Ukraine has changed the dynamics of conflict
As the war grinds on, I do not doubt there will be a great deal to learn. However, a shift in dynamics has already emerged at this early stage as on paper Russia should have won and taken Ukraine quickly but that hasn’t happened. I contend that there have been three significant shifts in military dynamics resulting from this war: the increased perception of the value of the individual soldier, the effectiveness of cheap drones and the increasing value of intelligence gathering capabilities over raw numbers.
The increased perception of the value of the individual soldier
Before the war, most assumed that tanks and armoured vehicles would be the deciding factor, with Russia able to overwhelm Ukraine by numbers alone.
That has proven to be false. The reason? Thousands upon thousands of anti-armour weaponry flooding into Ukraine from around the world. The sheer number of these weapon systems has demonstrably changed the war’s course. I cannot overemphasise that the number of cutting-edge anti-tank missiles shipped to Ukraine in recent months is breath-taking. In short, such a vast arsenal of these small, portable weapons may be unprecedented in a modern war.
Britain alone says it has sent around 4,000 anti-tank weapon systems; Germany around 1,000, Norway around 2,000, Sweden around 5,000 and the U.S. an unpublicised but massive number of missile systems. Other nations have also sent weapons.
Anti-tank weapons aren’t new, but their saturation in this conflict is new, and it’s causing a massive shift in thinking, in both defensive and offensive terms.
It is clear the invasion is not going to plan. This is partly due to Ukrainian resistance and Russian errors, but anti-tank weapons pouring into Ukraine in numbers never seen before are a factor. The armies sending these weapons would undoubtedly have had fewer available per soldier than Ukraine now has; this has highlighted how effective individual soldiers truly are when appropriately equipped.
The effectiveness of cheap drones
The conflict between Ukraine and Russia, now becoming a war of attrition, shows that cheap, lower end technology can be used effectively against high-end threats. Despite weeks of bombardment, Ukraine has kept up a fierce defence of its cities. One of the key enablers of this defence are Turkish-made drones. The drones are being used to carry out ‘pop-up’ attacks on Russian forces with lethal effectiveness, surprising many in the west, including me.
The poster child of cheaper but effective combat drones is the Bayraktar TB2 uncrewed aerial vehicle which carries lightweight, laser-guided bombs. The aircraft have previously excelled in low-tech conflicts, and Turkey has sold them to more than a dozen countries, including Azerbaijan, Libya, Morocco and Ethiopia.
Over the relatively high-tech battlefields of Ukraine, however, the drones have carried out repeated but unexpectedly successful attacks. The Turkish drones, quite frankly, shouldn’t be making a meaningful impact because they are medium-altitude, slow-flying aircraft with a large radar cross-section. But they most certainly are making a meaningful difference.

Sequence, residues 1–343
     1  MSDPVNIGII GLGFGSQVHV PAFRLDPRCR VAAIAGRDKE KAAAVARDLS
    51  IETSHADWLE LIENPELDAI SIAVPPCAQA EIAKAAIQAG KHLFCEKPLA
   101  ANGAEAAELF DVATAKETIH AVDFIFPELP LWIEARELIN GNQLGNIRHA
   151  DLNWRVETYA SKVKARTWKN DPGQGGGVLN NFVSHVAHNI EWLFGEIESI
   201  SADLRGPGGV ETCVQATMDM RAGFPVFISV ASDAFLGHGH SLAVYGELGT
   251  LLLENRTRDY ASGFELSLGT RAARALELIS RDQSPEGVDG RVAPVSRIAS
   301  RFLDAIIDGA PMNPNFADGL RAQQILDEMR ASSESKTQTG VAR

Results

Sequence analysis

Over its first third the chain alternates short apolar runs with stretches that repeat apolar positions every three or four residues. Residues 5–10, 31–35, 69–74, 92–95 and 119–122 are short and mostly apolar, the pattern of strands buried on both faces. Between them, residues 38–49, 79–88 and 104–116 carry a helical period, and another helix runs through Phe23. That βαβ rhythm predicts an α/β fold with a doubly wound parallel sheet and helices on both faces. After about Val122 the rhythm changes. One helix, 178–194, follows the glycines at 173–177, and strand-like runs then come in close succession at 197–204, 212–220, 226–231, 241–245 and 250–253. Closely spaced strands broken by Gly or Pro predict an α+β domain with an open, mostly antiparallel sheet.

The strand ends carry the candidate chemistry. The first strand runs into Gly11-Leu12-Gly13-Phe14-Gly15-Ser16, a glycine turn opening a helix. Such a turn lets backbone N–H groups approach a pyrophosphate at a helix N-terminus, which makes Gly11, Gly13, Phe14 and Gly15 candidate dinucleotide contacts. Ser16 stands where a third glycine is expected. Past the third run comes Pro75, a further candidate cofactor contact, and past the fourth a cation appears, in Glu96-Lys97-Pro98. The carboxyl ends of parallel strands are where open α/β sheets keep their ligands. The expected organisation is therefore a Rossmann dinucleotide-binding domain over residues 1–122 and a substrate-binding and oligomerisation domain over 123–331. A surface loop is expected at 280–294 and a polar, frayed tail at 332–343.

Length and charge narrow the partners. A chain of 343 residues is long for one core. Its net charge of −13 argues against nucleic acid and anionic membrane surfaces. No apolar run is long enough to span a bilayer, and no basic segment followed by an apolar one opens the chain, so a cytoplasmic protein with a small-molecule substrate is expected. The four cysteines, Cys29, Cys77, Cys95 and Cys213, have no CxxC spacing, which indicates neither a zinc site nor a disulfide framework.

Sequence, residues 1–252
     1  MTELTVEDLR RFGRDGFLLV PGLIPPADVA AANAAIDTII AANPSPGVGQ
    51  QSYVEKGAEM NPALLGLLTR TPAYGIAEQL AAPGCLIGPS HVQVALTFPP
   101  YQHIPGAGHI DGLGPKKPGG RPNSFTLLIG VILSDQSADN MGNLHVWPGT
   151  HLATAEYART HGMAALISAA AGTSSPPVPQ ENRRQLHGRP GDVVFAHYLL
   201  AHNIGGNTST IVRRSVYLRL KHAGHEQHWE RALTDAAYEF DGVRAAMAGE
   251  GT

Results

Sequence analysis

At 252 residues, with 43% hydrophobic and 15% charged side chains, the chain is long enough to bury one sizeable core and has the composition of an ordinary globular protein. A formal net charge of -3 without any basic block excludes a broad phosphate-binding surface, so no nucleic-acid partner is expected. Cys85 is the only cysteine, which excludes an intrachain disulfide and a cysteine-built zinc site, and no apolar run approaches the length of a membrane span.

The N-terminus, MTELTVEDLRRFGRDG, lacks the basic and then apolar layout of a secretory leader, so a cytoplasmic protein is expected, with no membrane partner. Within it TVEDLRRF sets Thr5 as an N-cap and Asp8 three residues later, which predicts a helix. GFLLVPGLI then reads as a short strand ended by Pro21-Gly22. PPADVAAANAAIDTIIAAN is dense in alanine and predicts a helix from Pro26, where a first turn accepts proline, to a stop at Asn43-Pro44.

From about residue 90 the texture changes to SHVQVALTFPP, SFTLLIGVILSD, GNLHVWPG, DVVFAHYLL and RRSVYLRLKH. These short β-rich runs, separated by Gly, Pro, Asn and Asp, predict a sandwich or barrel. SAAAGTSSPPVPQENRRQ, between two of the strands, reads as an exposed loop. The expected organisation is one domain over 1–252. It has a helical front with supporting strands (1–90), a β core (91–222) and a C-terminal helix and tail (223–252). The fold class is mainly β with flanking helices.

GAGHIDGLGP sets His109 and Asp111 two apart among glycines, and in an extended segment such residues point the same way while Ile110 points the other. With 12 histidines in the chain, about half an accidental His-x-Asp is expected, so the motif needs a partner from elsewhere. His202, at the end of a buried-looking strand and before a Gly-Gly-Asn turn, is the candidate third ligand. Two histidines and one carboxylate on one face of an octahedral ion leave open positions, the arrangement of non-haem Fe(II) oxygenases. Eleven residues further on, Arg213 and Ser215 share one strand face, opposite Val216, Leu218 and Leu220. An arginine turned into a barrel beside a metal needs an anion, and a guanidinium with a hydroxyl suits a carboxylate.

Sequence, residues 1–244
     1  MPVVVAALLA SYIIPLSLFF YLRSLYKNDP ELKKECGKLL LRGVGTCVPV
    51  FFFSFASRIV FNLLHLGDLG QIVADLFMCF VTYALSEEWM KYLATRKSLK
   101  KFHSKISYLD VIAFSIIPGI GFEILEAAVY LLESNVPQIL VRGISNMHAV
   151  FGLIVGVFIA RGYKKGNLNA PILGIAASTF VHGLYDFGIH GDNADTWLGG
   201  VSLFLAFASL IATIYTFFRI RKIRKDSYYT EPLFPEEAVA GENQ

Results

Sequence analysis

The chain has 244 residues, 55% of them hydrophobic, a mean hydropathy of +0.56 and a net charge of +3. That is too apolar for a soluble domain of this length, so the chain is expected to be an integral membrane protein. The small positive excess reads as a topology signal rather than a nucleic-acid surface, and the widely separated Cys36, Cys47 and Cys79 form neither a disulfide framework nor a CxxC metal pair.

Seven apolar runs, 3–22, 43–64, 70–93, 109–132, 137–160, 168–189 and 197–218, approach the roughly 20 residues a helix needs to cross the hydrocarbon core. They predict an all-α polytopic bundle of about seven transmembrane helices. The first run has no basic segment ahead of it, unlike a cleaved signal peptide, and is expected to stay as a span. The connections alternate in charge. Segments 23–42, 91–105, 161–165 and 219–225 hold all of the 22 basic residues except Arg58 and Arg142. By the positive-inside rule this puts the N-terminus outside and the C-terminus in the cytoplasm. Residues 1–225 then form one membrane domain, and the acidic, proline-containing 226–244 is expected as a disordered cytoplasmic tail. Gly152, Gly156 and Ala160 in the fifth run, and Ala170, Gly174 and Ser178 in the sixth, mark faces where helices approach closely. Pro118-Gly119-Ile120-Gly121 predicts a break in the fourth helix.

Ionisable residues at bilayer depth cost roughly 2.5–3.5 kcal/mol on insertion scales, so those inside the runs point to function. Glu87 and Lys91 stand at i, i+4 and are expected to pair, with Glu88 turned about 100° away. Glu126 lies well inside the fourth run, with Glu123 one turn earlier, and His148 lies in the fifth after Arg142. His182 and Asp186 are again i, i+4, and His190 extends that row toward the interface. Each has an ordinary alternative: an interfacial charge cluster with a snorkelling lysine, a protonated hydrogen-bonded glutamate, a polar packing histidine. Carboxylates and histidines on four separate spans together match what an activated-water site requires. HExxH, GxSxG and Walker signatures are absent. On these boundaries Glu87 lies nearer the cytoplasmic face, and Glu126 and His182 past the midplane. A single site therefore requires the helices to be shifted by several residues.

Ukrainian forces have been essentially flying in at a low level and then coming up and raiding with them, striking targets of opportunity. Before this conflict, no one would have seriously expected a low-cost drone to be making such a great difference, but they have proven their worth, and people are taking note of this shift in dynamic.
The increased value of intelligence gathering
The war in Ukraine, in my view, is perhaps the best example of why intelligence gathering capabilities might matter just as much, or more than, raw numbers. As things stand, NATO’s intelligence infrastructure functions well and is adequately supported by a computerised network that is continually improved, especially against cyberattacks. NATO members and, in fact, almost all western military forces regularly hold exercises to improve these skills. Russia does not.
Ukraine is, essentially, borrowing this capability from the western alliance as nations share real time intelligence with the country.
Ukraine is showing that small and agile forces equipped with intelligence are much better than a large force bumbling around. The key to providing support and defeating enemy attacks is effective intelligence, surveillance, target acquisition, and reconnaissance capabilities. These capabilities allow for attacks against logistics and other enablers, forcing Russian frontline units to be cut off from the fight after their supplies run out.
NATO countries have learned that aircraft capable of detecting and monitoring the locations of enemy forces are more valuable than a large number of battalions operating with less guidance and that end up pumping thousands of rounds into empty fields or forests. Boosting intelligence-gathering capabilities, even at the cost of the reduced size of combat forces, is proving to be of paramount importance in Ukraine, more so than previously thought.
One hundred fully equipped troops moving intelligently on the battlefield are worth more than one thousand with scarce supplies and decent intelligence-gathering capabilities. Numbers do not fight, people do, and people learn how to do it effectively with what they have.
While some of the above may seem obvious, some may be old and forgotten concepts, but I believe that they represent a new strategic environment. The invasion of Ukraine will be discussed at length for years. People will debate over what the biggest shifts in military dynamics to emerge from the conflict are, but I believe the three I have outlined above are the most important.